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Overcoming Ebola stigma takes time

Ebola survivor Jerold Dennis offers prayers to patients at the Bomi Ebola Unit in northwestern Liberia. Samwar Fallah/IRIN
Ebola survivors in Liberia and Sierra Leone are facing mixed reactions as they return home after contracting the deadly virus. While some have been welcomed back into their communities, most are facing discrimination and stigmatization, or have even been shunned.

"I returned back to the community very happy," said Ibrahim Thomas, who lives in Freetown. "I didn't have any problems with the community or anybody. The worshippers at my mosque used to pray for me [when I was sick], so when I came back, they were so happy to see me alive and well."

Thomas, who lost his wife and two of his children to Ebola, said many of his neighbours have been sympathizing with him and doing what they can to help.

But not all survivors are so lucky.


"I was devastated when I returned to my community," said 27-year-old Alhaji Bangura, who lost both parents, his wife and two children to Ebola in Sierra Leone. "I was very lucky to survive. but now some people are still afraid of me, even to come very close to me. I had so many friends before but now most of them have distanced themselves from me."

Bangura said most people will only talk to him outside their home and often refuse to give him any food or drink.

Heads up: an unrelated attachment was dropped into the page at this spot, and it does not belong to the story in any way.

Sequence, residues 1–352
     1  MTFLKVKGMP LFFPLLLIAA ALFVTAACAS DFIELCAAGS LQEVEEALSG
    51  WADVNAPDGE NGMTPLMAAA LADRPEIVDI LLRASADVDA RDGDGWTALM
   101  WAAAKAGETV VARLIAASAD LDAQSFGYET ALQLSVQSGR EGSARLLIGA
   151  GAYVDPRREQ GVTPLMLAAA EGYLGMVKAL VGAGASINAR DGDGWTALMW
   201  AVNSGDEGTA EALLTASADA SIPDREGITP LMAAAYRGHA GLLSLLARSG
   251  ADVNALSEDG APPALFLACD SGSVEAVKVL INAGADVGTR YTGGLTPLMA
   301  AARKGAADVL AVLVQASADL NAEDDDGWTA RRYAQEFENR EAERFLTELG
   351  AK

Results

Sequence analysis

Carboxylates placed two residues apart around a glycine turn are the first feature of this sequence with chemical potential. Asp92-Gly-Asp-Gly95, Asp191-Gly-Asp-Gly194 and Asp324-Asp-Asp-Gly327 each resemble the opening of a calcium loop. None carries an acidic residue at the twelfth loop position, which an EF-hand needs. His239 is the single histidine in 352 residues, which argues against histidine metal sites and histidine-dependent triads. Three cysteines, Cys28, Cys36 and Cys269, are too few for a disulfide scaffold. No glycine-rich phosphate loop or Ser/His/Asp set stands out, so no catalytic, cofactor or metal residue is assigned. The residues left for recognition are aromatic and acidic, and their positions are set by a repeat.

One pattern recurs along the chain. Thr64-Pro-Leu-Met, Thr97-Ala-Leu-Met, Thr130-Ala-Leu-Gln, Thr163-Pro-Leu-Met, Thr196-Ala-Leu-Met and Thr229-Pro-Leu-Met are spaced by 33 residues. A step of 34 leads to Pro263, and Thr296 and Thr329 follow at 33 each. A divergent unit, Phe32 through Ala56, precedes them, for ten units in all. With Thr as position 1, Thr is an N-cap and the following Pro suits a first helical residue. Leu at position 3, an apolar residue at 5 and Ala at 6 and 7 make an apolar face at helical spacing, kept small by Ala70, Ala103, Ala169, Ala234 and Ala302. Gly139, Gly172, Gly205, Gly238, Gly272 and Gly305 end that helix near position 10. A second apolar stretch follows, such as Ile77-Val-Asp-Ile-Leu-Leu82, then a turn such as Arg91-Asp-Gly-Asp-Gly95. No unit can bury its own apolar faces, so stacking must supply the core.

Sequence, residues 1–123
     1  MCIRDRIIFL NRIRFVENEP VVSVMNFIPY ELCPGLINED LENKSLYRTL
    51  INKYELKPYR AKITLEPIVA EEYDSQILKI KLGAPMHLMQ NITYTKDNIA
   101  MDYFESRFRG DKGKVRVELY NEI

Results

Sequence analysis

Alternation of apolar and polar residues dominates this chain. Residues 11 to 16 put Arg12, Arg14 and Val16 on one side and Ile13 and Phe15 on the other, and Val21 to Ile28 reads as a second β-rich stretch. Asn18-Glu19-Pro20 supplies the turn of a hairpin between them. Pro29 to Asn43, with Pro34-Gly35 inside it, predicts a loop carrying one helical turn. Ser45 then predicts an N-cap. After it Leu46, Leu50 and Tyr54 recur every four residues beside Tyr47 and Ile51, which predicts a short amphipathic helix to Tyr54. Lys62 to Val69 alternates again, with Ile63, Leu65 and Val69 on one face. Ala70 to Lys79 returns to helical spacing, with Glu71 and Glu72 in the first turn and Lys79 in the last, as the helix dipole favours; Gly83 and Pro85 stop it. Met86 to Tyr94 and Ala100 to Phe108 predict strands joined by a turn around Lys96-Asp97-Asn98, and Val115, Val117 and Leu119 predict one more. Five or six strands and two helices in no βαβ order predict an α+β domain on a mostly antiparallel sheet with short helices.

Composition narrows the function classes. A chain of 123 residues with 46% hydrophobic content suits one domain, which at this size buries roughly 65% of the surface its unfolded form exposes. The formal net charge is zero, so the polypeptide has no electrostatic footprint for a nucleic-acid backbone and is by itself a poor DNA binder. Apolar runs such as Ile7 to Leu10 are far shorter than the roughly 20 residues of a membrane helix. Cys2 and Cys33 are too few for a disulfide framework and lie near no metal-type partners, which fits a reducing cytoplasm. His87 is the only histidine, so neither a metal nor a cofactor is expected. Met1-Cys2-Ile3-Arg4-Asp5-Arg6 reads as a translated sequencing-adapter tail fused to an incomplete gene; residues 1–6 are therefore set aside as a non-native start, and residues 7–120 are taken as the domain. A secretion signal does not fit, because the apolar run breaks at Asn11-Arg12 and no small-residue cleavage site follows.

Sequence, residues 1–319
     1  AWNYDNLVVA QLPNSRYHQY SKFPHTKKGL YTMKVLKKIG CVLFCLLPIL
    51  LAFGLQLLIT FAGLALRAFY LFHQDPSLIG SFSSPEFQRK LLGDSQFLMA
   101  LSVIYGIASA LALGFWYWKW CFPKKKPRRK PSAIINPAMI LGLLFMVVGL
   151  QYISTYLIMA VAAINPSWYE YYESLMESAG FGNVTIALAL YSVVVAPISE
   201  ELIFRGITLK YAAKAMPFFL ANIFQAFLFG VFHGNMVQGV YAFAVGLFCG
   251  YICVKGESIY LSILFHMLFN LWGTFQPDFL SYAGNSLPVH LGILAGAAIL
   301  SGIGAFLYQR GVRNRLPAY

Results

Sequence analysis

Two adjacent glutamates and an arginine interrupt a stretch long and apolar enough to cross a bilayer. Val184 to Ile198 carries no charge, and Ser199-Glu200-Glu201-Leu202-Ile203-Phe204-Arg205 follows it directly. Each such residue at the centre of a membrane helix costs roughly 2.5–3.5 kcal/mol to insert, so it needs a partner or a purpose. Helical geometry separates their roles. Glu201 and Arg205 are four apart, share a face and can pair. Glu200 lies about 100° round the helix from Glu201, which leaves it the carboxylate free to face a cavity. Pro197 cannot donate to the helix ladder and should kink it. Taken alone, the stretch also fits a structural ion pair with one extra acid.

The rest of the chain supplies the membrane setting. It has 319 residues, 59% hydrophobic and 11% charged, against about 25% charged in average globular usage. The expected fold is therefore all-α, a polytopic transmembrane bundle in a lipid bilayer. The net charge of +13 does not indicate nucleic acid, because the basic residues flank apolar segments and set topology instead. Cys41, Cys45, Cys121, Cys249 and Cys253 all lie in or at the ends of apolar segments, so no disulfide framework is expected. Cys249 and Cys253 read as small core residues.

"One day I went to the well to fetch water. and when I came close nearly all the children and other adults started to move away from me," he said. "I have never had such an experience in my life."

Bangura is not alone. According to a survey by UNICEF, 96 percent of Ebola survivors in Sierra Leone have experienced some sort of discrimination. More than three-quarters of respondents told UNICEF they would not welcome back an Ebola survivor into their community.

"There is stigma for sure - although not in every single instance - but given the fact that Ebola is new to this area and that it is a deadly disease with no cure, people are afraid of association with people who have had Ebola," said Rukshan Ratnam, a spokesperson for UNICEF in Liberia. "It's not that they are purposely stigmatizing them, but it's linked to fear for their personal health and safety."


Naomi Teah, who was treated at Monrovia's ELWA 3 treatment unit, said her husband left her after she tested positive for Ebola.

"My man can't even talk to me," she said. "I was thinking that [he] was going to be happy, but since I came back, his ways changed towards me. He does not care how me and the children eat and I am not strong enough yet to go look for food. People say I don't have Ebola, but still my husband won't come near me."

Teah said she is now relying on handouts from neighbours in order to feed herself and her sons.

Ebola survivors need not apply

Abraham Turay used to work as a taxi driver in Sierra Leone's Port Loko District before he contracted Ebola. But as news of his survival has spread, he says people from his community are afraid to ride in his car.

"Now, I have to go far before I can find passengers," he said. "And when I come home, I just go straight inside because many people who used to sit and talk with me, no longer do that," he said. "So I am just by myself."

Thomas, despite his warm welcome, lost his job as a machine operator for a mining company upon his recovery.

A fresh start

Eighteen-year-old Pauline Joseph, who was treated for Ebola at the ELWA 2 treatment unit in Monrovia, said she had to leave the city to escape the stigma.

"When I came home everybody started looking at me differently," she said. "They all acted like they were happy for me to be back home, but the way we used to be together, they do not want us to eat together and do things together any more."